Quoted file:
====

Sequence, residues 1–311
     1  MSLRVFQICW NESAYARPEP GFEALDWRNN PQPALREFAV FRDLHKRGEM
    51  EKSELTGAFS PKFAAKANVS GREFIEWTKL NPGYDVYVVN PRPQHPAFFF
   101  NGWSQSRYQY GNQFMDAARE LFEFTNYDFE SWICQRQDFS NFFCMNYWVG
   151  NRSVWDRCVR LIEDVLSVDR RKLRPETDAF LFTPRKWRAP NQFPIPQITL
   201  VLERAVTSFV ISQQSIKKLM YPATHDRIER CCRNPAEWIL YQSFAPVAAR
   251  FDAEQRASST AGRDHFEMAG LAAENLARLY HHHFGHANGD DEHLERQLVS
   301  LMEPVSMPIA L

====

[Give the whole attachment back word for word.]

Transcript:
Sequence, residues 1–311
     1  MSLRVFQICW NESAYARPEP GFEALDWRNN PQPALREFAV FRDLHKRGEM
    51  EKSELTGAFS PKFAAKANVS GREFIEWTKL NPGYDVYVVN PRPQHPAFFF
   101  NGWSQSRYQY GNQFMDAARE LFEFTNYDFE SWICQRQDFS NFFCMNYWVG
   151  NRSVWDRCVR LIEDVLSVDR RKLRPETDAF LFTPRKWRAP NQFPIPQITL
   201  VLERAVTSFV ISQQSIKKLM YPATHDRIER CCRNPAEWIL YQSFAPVAAR
   251  FDAEQRASST AGRDHFEMAG LAAENLARLY HHHFGHANGD DEHLERQLVS
   301  LMEPVSMPIA L